Updated on November 2, 12:14 p.m. (GMT+8): Improved relevancy.
Netflix’s Tekken Bloodline anime unravels the story of Jin Kazama and his mysterious martial arts lineage. Working off almost three decades of lore, the series producers snuck in a few secret references for diehard Tekken fans out there.
Tekken chief producer Katsuhiro Harada also mentioned that the series dives deeper into the relationship between Jin and his mom, Jun Kazama, which reveals new information about Jin’s fighting journey.
Amidst the flashy moves and family feuds, here are 7 Tekken Bloodline Easter eggs that you probably didn’t know about.
Warning: Spoilers if you have yet to watch Tekken Bloodline season 1.
7 Tekken Bloodline easter eggs hidden in plain sight
The origin of Jin Kazama’s flame pants
The truth is out, Jin Kazama’s flame pants are not inspired by legendary host and chef, Guy Fieri.
The series reveals that Jin wanted the flame design at a young age as a reminder of his mother’s sacrifice. The flame design resembles the fire that burned their house down during Jun’s fight with Ancient Ogre.
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Of course, Heihachi didn’t approve the fiery design right away. Jin eventually earned his flames after surviving his grandfather’s arduous fighting regimen.
Floor and wall breaks play a big part in Tekken combat
The series shows a handful of fights where characters end up breaking walls and floors. Aside from adding some oomph to a punch or Muscle Buster, it’s actually an important part of Tekken gameplay.
Wall and floor breaks reward the attacking player with a few seconds of air time to extend their combo. There are specific stages that have become infamous for having multiple breaks, such as Howard Estate (three walls and one balcony) and Forgotten Realm (three floors).
Here is an example of a killer wall break combo from American pro player Terrelle “Lil Majin” Jackson:
Dr. Bosconovitch is more than just Heihachi’s lackey
Dr. Bosconovitch may look like a harmless scientist, but he’s actually a playable fighter in Tekken 3 and Tekken Tag Tournament 2.
Despite only having a minor role in Tekken Bloodline’s story so far, the scientist is responsible for creating numerous fighters for the Tekken tournament. Kidnapped by Kazuya in Tekken 2, he was forced to create Alex and Roger, bio-weapons who enter the tournament as expert boxers.
While working for Jin Kazama in Tekken 6, Dr. B also creates an android named Alisa in the image of his deceased daughter.
Fighters showcase their best moves
It’s not a real Tekken adaptation without a few electrifying uppercuts.
The series did an amazing job of showcasing character-specific moves in every battle. Aside from the Electric Wind God Fist (EWGF) of the Mishima clan, we spotted other iconic moves in the Tekken anime.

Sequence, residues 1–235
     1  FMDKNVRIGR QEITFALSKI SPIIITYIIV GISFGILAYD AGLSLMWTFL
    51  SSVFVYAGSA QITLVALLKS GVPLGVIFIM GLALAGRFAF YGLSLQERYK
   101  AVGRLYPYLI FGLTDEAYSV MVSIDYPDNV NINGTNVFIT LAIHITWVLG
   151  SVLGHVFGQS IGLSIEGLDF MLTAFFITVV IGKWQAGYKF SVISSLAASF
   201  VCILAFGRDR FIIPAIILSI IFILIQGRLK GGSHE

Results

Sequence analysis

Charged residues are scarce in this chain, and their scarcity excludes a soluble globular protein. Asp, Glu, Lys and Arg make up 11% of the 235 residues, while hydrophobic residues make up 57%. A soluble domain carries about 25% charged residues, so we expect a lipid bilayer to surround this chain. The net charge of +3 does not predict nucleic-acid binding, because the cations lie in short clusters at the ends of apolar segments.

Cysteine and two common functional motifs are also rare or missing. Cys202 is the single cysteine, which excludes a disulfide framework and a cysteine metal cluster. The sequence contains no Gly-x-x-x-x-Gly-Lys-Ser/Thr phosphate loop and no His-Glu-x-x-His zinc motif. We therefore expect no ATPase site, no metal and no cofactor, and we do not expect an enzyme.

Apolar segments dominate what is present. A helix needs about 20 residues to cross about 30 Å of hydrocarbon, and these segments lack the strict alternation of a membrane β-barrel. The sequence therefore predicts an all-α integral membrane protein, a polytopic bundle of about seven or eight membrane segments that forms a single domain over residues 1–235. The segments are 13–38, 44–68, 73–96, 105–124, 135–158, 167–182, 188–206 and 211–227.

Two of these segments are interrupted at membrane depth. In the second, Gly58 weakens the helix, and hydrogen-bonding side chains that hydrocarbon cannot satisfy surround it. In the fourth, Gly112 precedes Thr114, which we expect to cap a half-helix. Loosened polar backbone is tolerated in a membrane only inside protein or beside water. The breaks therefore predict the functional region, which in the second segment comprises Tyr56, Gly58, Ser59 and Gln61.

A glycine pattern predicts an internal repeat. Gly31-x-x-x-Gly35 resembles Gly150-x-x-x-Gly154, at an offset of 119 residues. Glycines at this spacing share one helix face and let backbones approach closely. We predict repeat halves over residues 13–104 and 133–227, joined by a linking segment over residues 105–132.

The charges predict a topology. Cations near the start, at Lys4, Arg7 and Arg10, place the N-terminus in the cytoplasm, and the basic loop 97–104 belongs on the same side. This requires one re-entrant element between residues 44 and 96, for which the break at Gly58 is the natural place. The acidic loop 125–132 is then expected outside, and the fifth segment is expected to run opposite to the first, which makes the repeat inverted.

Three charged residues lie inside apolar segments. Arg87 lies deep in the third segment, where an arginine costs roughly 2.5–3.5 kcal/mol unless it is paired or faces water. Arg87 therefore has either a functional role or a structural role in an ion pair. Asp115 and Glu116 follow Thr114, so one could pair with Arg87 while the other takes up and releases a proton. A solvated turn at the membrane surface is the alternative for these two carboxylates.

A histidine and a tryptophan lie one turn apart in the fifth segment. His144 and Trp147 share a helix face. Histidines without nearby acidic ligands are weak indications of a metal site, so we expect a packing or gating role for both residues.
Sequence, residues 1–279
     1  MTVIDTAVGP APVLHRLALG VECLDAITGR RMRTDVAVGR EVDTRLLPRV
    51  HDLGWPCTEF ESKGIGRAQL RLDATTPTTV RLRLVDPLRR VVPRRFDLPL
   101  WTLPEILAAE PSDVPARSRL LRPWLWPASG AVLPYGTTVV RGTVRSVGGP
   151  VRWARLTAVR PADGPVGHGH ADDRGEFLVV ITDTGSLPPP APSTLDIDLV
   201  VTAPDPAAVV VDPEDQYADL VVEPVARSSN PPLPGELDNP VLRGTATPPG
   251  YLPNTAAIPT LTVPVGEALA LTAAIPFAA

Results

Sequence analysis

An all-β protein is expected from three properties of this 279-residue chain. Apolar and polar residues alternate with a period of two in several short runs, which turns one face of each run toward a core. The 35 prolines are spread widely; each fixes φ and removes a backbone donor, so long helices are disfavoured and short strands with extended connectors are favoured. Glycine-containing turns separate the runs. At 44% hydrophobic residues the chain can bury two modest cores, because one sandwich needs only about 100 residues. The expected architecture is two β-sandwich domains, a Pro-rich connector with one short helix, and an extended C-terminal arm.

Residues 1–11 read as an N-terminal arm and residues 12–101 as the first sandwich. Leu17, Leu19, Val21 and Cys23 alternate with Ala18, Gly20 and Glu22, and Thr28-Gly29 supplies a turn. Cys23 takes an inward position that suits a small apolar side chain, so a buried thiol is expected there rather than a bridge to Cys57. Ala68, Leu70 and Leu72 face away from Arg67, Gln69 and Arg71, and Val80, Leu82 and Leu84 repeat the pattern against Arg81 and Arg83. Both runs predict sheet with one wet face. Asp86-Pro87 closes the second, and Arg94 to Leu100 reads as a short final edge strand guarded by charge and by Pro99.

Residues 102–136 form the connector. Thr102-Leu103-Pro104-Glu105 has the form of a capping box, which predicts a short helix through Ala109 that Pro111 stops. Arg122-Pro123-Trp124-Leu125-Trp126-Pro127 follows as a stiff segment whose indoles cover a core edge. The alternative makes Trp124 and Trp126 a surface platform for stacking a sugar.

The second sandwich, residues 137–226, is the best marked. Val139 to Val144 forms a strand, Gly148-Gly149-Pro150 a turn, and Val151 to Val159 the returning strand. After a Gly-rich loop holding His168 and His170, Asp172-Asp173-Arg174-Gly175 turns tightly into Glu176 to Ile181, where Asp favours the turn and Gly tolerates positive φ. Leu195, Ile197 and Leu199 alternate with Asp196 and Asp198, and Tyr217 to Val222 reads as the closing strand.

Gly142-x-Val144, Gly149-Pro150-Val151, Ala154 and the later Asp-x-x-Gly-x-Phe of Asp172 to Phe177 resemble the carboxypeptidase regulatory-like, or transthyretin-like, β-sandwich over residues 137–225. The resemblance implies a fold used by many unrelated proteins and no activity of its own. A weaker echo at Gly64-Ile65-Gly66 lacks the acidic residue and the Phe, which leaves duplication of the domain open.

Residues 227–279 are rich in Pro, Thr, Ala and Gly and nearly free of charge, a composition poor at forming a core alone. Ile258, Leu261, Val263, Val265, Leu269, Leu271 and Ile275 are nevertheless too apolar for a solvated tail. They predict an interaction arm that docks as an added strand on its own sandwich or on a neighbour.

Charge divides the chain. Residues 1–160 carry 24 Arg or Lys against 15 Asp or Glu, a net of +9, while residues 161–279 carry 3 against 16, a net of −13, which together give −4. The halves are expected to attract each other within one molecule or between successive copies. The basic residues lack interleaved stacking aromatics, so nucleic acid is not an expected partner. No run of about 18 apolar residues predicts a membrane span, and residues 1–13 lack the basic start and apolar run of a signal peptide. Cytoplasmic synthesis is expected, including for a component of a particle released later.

Just like in the game, Julia Chang charges into her opponents with a Lashing Arrow, a move that hits both high and low areas of an opponent — a certified scrub destroyer.
King and Paul Phoenix also trade blows in true Tekken fashion. After the luchador lands a Rolling Sobat kick, Paul retaliates with a deadly Phoenix Smasher, commonly known as the Deathfist.
Xiaoyu goes to a school established by Heihachi
The series briefly touches on Ling Xiaoyu’s life as a student of Mishima Polytech, but it plays a bigger role in the downfall of Heihachi’s conglomerate, the Mishima Zaibatsu.
After receiving an email that warned her about Mishima Zaibatsu in Tekken 4, Xiaoyu decides to ditch school and enter the tournament to find Jin and reveal the dark truth behind Heihachi’s company.
Despite discovering the inner workings of Mishima Zaibatsu, Xiaoyu still recognizes Heihachi as her mentor. In Tekken 5, she even tried saving the entire Mishima clan by time-traveling to the past and stopping the old man from throwing Kazuya off a cliff.
The best way to defeat your opponent is with a ki-charge or Rage
In certain fights of Tekken Bloodline, you’ll see characters glowing red or yellow, and it’s not just for aesthetic purposes.
Players have the ability to ki-charge for bonus attack properties, such as counter-hit and 1.4-1.5x damage on the first hit of a combo. This can be seen in the first episode when Jun attacks Jin with glowing hands, the visual cue of a ki-charged fighter.
A newer mechanic called Rage — which gives a character a glowing red aura — also appears when Jin takes a nasty punch from King. The fight scene is pretty faithful to the game since Rage only activates you’re down to 20% health. If you listen closely, you can even hear the Rage sound effect.
Introduced in Tekken 6, the Rage system increases the damage output of your moves. By Tekken 7, the developers added Rage Arts and Rage Drives that consume a player’s Rage status for a special attack, similar to EX Specials in Street Fighter.
Tekken 7’s Infinite Azure stage is the afterlife
The blue sky and setting sun are common motifs of hope and resolution in many anime shows, but Bloodline’s own version of it might look quite familiar to Tekken fans.
After getting shot by Heihachi, Jin reunites with his deceased mother one last time in what looks to be the afterlife. Jin stands in the bright blue sky area while his mother appears just meters away in a sunset background. Once Jin recollects his thoughts, he returns to reality unscathed by activating the Devil Gene.
The serene view bears similarities to the day and night variants of Infinite Azure, the signature infinite stage of Tekken 7. What’s more, Infinite Azure doesn’t host any fights in the Tekken 7 story mode, which could further imply that it exists beyond the physical realm.
You can check out what Infinite Azure looks like in the clip down below:
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